By Nick Gray ’15
I spent this past summer picking cocaine, methamphetamines, marijuana, and bath salts out of the US mail system. Before this past summer, I’d spent hours browsing testimonials of people who had interned with the Federal Bureau of Investigation (FBI), the Drug Enforcement Agency (DEA), Alcohol Tabaco and Firearms (ATF), the National Security Agency (NSA), and the United States Postal Inspection Service (USPIS), who I was interning with, and the responses varied greatly: “They’re making me file. ALL SUMMER.”, to “Kiss me. I’m home.”
Gray ’15, a Philadelphia native, explores opportunities in his hometown and sees a new side of it
The USPIS Philadelphia Division was a 40 minute commute that I was glad to take. My average day was spent doing things like this:
- Doing surveillance on a woman in North Philly, who’d been stealing identities in her apartment. We took license plate numbers, circled the house for possible routes of escape (in the case of a warranted search), and speculated on her daily schedule.
- Working with drug dogs and their handlers to sniff out (no pun intended) packages in the mail.
- Documenting, weighing, and packaging the quarter million dollars’ worth of drugs that we (the interns) helped find.
- Browsing the evidence room (I almost cried when I got to hold a Romanian AK-47).
- Hearing perspectives from federal agents ranging from 23 year veterans to people that started the year before.
On more extraordinary days, I got to sit and talk to Federal Judges, District Attorneys, Secret Service Agents, Air Marshals (We had a shooting competition. Naturally, I lost.), Postal Police, members of the Philly Police Department, DEA Agents, K9 units, State Troopers, and members of ATF. I got to participate in and help facilitate federal agent training and in the process, almost beat a veteran in a shooting competition and got arrested four times in felony vehicle stops which included accusing an Inspector of racial discrimination. I also got a course in using riot shields, how to correctly use a firearm while holding the shield, and I took part in a virtual simulation on responding to calls as a law enforcement officer (I saved a young woman then killed multiple innocents). The simulation left my hands trembling, hands sweating, and my heart cold and pounding. I tried to imagine the real thing.
I did not have to imagine for long. When cocaine or methamphetamines were found, we did what they called a “controlled delivery.” The drugs would be delivered as planned but with heavy surveillance. For this, we were allowed to ride along equipped with bulletproof vests. We got to watch as the package was delivered, then seconds, minutes, or even hours later, the door being blown off the hinges by a ram and the pouring in of federal agents armed with MP-5s. After, we were allowed to watch on-site interrogations and search the house for additional evidence. We also had the pleasure of being cursed out by locals for “entering without warrants” and “racial discrimination” (this is where my training came in handy).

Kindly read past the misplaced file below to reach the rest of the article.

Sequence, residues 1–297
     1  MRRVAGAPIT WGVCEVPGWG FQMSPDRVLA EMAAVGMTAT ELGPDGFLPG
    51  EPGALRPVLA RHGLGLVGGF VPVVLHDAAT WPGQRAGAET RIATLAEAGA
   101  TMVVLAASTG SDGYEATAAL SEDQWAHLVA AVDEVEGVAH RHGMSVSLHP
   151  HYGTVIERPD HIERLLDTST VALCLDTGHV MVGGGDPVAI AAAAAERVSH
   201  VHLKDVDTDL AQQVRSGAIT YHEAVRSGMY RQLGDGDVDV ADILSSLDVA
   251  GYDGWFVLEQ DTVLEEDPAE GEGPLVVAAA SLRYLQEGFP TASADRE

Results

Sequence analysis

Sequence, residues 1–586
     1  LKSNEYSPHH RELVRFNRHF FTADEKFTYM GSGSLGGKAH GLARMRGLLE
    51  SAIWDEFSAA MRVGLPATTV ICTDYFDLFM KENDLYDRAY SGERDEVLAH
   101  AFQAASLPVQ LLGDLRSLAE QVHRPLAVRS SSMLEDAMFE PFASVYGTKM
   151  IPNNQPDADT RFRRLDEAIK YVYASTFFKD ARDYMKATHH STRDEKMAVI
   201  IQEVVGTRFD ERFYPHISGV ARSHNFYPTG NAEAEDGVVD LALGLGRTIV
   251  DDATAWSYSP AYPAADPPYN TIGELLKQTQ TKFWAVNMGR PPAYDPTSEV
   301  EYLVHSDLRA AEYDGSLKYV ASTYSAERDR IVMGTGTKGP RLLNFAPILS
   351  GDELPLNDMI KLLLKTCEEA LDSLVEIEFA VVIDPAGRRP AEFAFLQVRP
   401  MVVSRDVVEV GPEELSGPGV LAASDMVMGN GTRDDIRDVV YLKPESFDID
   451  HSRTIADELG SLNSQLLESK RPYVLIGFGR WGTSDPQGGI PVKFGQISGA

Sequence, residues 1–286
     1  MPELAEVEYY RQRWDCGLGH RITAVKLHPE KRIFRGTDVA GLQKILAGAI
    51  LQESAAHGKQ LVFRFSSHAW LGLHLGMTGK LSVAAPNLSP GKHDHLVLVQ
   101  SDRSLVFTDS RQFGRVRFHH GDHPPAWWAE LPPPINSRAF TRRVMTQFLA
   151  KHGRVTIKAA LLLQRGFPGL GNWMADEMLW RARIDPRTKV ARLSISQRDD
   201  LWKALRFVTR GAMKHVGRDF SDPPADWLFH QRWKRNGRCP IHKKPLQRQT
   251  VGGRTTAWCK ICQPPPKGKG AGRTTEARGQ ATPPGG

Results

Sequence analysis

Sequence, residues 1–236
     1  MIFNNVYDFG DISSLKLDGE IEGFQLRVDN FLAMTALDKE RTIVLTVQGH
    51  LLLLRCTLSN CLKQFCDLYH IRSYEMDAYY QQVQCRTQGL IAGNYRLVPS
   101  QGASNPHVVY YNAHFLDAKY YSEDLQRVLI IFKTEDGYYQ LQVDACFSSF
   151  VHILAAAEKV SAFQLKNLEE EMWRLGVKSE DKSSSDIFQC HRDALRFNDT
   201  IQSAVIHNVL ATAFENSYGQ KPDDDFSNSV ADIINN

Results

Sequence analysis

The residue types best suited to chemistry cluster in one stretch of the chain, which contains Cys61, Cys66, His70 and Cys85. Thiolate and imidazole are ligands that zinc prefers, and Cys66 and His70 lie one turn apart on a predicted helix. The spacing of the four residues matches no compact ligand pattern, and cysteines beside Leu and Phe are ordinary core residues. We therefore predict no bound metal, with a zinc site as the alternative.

As exciting as all of this was, it was fairly hopeless too. Drugs, cocaine especially, were sent, over and over, to the same rough neighborhoods, to which we came to “control delivery” and whisk away peoples brothers, husbands, and sons. I had the privilege of working with George Clark, a Postal Inspector in the Philly Division. Clark gave me an outlet into another side of law enforcement. He allowed me to assist him in the investigation of a man who had, over the course of three years, stolen nearly half a million dollars from banks like PNC, TD, and various others. He’d also managed to involve the post office by buying money orders with the stolen money. He accomplished this feat with a pen, legitimate checks he’d gained from vulnerable people, and the power of persuasion. We spent about a week pouring over his criminal record and reports we had of his past thefts. We found his favorite place, favorite day, favorite time, and waited for him across the street in an undercover car. Sure enough, he was there at 7:02 AM buying money orders with stolen money.
“Nick, get in there and get his description.” Clark said.
Last time I heard, the guy was looking at about a quarter century in prison. The internship was over before we could snag him.
This internship began, where all great things begin: Career Services. I attended the Law Enforcement Lunch they hosted before that summer and went to speak with two ladies from the USPIS based out of Indy. Students had swarmed the FBI, DEA, and Secret Service, but these two Inspectors did not have a single taker. They were very friendly and much more flexible than the other agencies. I called their supervisor, Ken Miller, who told me they weren’t accepting interns that summer. I was disappointed.
“Guess I’ll just go home this summer.” I said.
“You know what”, he said, “I know a Scott Guretse in Philly, an Inspector. Here’s his email, check it out.”
Kiss me, I was home.